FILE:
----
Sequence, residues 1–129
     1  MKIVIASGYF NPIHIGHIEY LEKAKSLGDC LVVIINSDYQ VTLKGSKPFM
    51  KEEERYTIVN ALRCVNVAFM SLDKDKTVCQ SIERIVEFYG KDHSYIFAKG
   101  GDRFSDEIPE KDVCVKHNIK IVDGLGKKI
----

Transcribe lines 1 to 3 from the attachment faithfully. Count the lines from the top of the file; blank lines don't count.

Sequence, residues 1–129
     1  MKIVIASGYF NPIHIGHIEY LEKAKSLGDC LVVIINSDYQ VTLKGSKPFM
    51  KEEERYTIVN ALRCVNVAFM SLDKDKTVCQ SIERIVEFYG KDHSYIFAKG